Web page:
Impaired Arithmetic Fact Retrieval in an Adult with Developmental Dyscalculia: Evidence from Behavioral and Functional Brain Imaging Data

Silke M Göbel, Rebecca Terry, Elise Klein, Mark Hymers, Liane Kaufmann

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Developmental dyscalculia (DD) is a developmental disorder characterized by arithmetic difficulties. Recently, it has been suggested that the neural networks supporting procedure-based calculation (e.g., in subtraction) and left-hemispheric verbal arithmetic fact retrieval (e.g., in multiplication) are partially distinct. Here we compared the neurofunctional correlates of subtraction and multiplication in a 19-year-old student (RM) with DD to 18 age-matched controls. Behaviorally, RM performed significantly worse than controls in multiplication, while subtraction was unaffected. Neurofunctional differences were most pronounced regarding multiplication: RM showed significantly stronger activation than controls not only in left angular gyrus but also in a fronto-parietal network (including left intraparietal sulcus and inferior frontal gyrus) typically activated during procedure-based calculation. Region-of-interest analyses indicated group differences in multiplication only, which, however, did not survive correction for multiple comparisons. Our results are consistent with dissociable and processing-specific, but not operation-specific neurofunctional networks. Procedure-based calculation is not only associated with subtraction but also with (untrained) multiplication facts. Only after rote learning, facts can be retrieved quasi automatically from memory. We suggest that this learning process and the associated shift in activation patterns has not fully occurred in RM, as reflected in her need to resort to procedure-based strategies to solve multiplication facts.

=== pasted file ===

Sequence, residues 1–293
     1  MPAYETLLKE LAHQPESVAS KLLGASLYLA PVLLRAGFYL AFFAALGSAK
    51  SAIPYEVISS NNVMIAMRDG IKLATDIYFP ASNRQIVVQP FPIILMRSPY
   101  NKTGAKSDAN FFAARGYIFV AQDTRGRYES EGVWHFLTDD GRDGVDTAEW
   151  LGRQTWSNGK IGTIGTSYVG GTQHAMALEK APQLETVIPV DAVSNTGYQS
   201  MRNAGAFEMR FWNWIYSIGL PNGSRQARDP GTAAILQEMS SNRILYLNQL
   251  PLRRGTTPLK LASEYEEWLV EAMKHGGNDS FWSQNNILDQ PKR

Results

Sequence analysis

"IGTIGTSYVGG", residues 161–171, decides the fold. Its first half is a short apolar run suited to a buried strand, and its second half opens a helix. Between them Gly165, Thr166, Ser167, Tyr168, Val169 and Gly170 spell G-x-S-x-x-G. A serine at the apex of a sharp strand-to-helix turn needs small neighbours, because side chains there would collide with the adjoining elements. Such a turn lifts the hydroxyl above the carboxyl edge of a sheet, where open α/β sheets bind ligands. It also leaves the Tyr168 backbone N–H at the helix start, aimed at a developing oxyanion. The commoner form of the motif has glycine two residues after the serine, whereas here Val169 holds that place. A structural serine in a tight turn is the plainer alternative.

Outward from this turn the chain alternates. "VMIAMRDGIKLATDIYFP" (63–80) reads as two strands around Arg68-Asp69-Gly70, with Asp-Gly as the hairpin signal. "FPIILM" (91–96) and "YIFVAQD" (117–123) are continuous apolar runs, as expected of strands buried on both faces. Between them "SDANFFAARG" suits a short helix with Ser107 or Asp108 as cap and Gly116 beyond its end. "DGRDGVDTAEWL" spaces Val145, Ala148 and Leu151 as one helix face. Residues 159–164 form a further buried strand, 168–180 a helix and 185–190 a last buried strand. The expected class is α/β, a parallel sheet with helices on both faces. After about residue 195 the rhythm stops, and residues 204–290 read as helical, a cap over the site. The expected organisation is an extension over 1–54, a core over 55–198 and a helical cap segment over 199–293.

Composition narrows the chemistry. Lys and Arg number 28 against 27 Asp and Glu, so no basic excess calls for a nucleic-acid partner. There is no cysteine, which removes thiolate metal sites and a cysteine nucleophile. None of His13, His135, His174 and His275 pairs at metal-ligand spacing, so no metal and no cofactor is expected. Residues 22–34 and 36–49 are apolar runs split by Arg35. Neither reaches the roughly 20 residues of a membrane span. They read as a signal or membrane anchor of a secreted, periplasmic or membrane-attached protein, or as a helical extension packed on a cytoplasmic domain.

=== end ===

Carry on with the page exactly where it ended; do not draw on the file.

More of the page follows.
Original languageEnglish
Article number735
Number of pages29
JournalBrain Sciences
Issue number6
Publication statusPublished - 3 Jun 2022

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